"Beneath northern India’s irrigated fields of wheat, rice, and barley ... beneath its densely populated cities of Jaiphur and New Delhi, the groundwater has been disappearing.... [Researchers] found that groundwater levels have been declining by an average of one meter every three years (one foot per year). More than 109 cubic km (26 cubic miles) of groundwater disappeared between 2002 and 2008 -- double the capacity of India's largest surface water reservoir, the Upper Wainganga, and triple that of Lake Mead, the largest man-made reservoir in the United States."
In other words, our use of water--for farms and for cities-- is unsustainable. If we don't do something about it soon, we're going to be in deep trouble--and you don't need to be a rocket scientist to figure that one out! 


  1. The water post was extremely interesting thanks. I guess 2-3 key issues are how much water one gets, is it distributed equitably and what the quality, i.e. is it drinkable or not.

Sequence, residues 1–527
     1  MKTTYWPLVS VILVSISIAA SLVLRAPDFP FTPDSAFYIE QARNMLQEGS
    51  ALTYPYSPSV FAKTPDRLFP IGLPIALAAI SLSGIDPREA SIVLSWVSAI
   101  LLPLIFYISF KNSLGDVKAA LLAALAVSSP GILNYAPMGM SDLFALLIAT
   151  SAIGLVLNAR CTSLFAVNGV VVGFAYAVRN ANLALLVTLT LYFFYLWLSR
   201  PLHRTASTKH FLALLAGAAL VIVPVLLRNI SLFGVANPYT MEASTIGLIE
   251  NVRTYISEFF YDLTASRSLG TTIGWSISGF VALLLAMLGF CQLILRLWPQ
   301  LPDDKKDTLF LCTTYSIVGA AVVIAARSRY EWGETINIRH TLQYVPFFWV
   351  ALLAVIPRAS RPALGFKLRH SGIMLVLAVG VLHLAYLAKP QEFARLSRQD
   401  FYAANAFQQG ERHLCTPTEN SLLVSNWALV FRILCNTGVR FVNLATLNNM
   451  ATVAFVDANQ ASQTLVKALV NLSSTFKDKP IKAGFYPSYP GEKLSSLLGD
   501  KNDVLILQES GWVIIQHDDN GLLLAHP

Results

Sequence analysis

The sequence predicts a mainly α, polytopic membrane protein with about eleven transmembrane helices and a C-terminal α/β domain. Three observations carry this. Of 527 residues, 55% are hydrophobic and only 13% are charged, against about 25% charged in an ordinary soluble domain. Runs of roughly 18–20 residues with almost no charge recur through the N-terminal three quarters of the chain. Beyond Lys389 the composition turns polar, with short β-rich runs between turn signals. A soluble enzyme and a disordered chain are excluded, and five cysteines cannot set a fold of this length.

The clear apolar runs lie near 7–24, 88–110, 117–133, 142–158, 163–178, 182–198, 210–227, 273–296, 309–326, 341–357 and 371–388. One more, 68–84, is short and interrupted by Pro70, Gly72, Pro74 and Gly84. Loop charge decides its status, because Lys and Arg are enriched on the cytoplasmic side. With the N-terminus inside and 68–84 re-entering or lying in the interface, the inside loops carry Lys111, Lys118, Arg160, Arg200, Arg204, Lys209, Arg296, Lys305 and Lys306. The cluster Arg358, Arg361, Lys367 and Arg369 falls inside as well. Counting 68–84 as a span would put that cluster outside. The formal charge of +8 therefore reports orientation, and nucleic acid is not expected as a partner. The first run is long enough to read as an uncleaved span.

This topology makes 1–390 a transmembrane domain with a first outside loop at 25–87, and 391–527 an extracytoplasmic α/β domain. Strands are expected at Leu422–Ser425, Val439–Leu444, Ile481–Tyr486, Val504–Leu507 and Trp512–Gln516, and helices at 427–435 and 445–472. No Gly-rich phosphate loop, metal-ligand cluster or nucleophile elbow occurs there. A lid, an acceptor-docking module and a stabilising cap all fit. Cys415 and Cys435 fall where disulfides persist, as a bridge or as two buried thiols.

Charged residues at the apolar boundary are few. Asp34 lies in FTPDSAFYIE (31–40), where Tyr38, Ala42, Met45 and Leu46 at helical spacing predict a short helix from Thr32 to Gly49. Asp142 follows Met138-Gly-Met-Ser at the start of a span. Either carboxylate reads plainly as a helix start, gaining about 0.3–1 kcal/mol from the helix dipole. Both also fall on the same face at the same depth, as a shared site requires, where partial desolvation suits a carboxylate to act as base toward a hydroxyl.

A relatively less important but not insignificant issue is the time at which water is made available. I've recently moved house and the place I live now gets water at about 11.30 pm and it lasts until about 1-2 pm. Even for those with a regular Jal Board connection, getting water to anything above the ground floor needs a motor. Many working people, women and some men too basically then stay up until very late trying to store water. As it's getting warmer the supply timings are getting more irregular. It used to come in the late afternoons now that has pretty much stopped and midnight is getting to be the only time when water is available. Talk about burning the midnight water!
    I hoping to figure more of the scene there, moved in recently.

  2. It is hard when water comes for just a few hours in the middle of the night. These are all ways in which this crisis is expressed. It is hard to imagine how this problem has been allowed to go on so long--maybe it has something to do with a collective lack of imagination! However, you can rest assured knowing someone is surely dreaming up a new flyover to build, even as you lie awake waiting for the DJB to send you more water!


What do you think?